Women: “Shoes with laces”generally means tennis shoes. While few of us would wear these to our places of employment, they are sufficient at home to keep you motivated. Skip the slip-on shoes and go for the laces. It makes a difference.
4) Designate a room or an area as your “home office.”
If you don’t already have a traditional home office, it’s time to set one up. It should be an area away from the main traffic routes in your home, such as the living/family room and kitchen. Get creative — but don’t skip this step.
Just as we know that a child’s grades will go up when he or she has a designated spot for homework, so to will your levels of motivation and productivity increase when you work from your new “office.”
Make sure the area that you’ve designated as a home office is used only for that purpose during your work day. And, take the time to set it up properly: You’ll want to have typical office supplies in addition to your lap top (stapler, portable filing system, etc.)
5) Set your work hours.
“Working from home” doesn’t mean you are necessarily engaged in wage-earning work. Your work may (and should) be squarely focused on finding employment. That is now your job — to find a job. And that job takes time.
Set your hours, and keep them reasonable. An 8-hour work day is sufficient. Much less, and you can’t be truly productive. Much more, and you’ll fall out of balance in the other areas of your life.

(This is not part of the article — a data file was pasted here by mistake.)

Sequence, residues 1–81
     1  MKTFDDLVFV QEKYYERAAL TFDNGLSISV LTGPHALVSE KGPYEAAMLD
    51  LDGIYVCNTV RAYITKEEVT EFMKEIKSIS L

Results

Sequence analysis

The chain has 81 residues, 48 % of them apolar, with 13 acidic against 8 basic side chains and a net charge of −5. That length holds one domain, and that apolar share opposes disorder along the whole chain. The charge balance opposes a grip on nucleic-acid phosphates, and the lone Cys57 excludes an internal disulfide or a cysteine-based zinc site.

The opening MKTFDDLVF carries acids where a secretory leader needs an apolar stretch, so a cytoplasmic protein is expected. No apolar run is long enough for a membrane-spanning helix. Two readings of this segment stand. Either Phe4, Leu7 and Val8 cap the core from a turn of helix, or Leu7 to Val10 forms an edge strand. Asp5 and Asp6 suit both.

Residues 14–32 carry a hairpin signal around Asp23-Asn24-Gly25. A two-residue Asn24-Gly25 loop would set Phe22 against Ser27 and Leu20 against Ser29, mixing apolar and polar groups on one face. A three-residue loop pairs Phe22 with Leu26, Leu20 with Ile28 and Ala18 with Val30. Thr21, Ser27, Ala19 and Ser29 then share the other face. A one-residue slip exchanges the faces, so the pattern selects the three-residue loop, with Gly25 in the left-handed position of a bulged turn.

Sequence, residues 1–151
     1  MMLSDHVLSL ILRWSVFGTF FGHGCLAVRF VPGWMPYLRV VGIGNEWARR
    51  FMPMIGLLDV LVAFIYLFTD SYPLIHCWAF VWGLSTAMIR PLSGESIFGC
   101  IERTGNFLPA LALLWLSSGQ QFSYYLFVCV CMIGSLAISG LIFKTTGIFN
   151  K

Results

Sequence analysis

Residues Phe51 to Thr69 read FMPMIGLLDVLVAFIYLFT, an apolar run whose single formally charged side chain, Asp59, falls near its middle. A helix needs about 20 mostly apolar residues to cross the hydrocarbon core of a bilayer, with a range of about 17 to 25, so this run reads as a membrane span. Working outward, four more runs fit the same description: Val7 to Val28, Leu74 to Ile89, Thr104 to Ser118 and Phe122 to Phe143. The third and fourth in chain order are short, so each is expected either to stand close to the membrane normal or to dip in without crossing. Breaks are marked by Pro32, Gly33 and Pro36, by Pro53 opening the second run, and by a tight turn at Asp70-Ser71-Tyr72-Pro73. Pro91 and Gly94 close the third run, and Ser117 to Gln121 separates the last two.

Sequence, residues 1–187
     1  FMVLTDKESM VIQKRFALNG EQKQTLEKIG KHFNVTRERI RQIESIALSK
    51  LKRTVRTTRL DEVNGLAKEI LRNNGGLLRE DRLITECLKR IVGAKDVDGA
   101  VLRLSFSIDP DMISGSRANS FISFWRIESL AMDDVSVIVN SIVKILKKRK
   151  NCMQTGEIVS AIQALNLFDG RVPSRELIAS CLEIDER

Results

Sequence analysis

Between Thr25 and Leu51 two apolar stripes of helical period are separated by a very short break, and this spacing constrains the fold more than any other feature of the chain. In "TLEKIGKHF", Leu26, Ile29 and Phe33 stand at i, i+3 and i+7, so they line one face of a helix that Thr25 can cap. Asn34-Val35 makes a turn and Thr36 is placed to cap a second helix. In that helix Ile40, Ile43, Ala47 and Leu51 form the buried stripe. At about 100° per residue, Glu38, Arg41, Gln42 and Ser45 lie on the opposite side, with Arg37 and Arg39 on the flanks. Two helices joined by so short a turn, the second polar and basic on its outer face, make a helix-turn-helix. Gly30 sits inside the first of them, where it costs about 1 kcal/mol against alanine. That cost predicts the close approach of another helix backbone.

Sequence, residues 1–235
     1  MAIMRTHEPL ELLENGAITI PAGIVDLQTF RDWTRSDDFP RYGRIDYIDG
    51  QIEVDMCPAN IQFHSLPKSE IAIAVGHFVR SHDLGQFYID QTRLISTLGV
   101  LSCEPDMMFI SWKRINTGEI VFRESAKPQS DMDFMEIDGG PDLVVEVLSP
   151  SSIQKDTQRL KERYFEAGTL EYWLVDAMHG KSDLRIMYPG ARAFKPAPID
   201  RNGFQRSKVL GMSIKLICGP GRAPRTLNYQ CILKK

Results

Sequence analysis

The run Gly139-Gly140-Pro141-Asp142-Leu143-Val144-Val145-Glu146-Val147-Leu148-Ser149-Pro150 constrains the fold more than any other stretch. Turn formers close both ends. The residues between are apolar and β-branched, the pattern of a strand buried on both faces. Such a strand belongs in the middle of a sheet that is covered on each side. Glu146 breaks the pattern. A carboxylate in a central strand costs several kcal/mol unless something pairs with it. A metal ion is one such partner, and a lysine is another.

6) Prepare a business plan.
As anyone starting his or her own business should know, the business plan is a critical road map. Now that you are in the business of finding employment, do yourself a favor and prepare an actual business plan.
Use a business plan template as your guide, make the necessary adaptations for the “business of finding a job,” and complete the plan. Then, begin following the plan.
If you don’t yet know what to put in your business plan, all of the “ingredients” can be found in this blog under the WORK category!
7) Chair a family meeting.
Gather the spouse, kids, dog, and anyone else under your roof together for a family meeting. At this meeting, you will lay out the ground rules for your period of unemployment. Those rules should include a statement about your home office — “Respect my space” — and your work hours — “I’ll be working from 9:00 to 5:00. Please do not interrupt me for non-emergencies. I’ll be happy to listen to you during my lunch break.”
8) Take breaks.
Just as you need to do when you are employed, breaks are necessary for your stamina. Without them, we grow weary too quickly and can become discouraged.
If you find that you are sitting at the keyboard for hours on end, you need to make a change.
You’ll be more productive if you take sufficient breaks. Once an hour, take a short break to stretch your legs.
At the top or the bottom of each hour, step away from the keyboard. It’s time to move, not play computer solitaire. 5 minutes is usually enough to get the blood pumping again. More than 10, and you’re officially in distraction mode.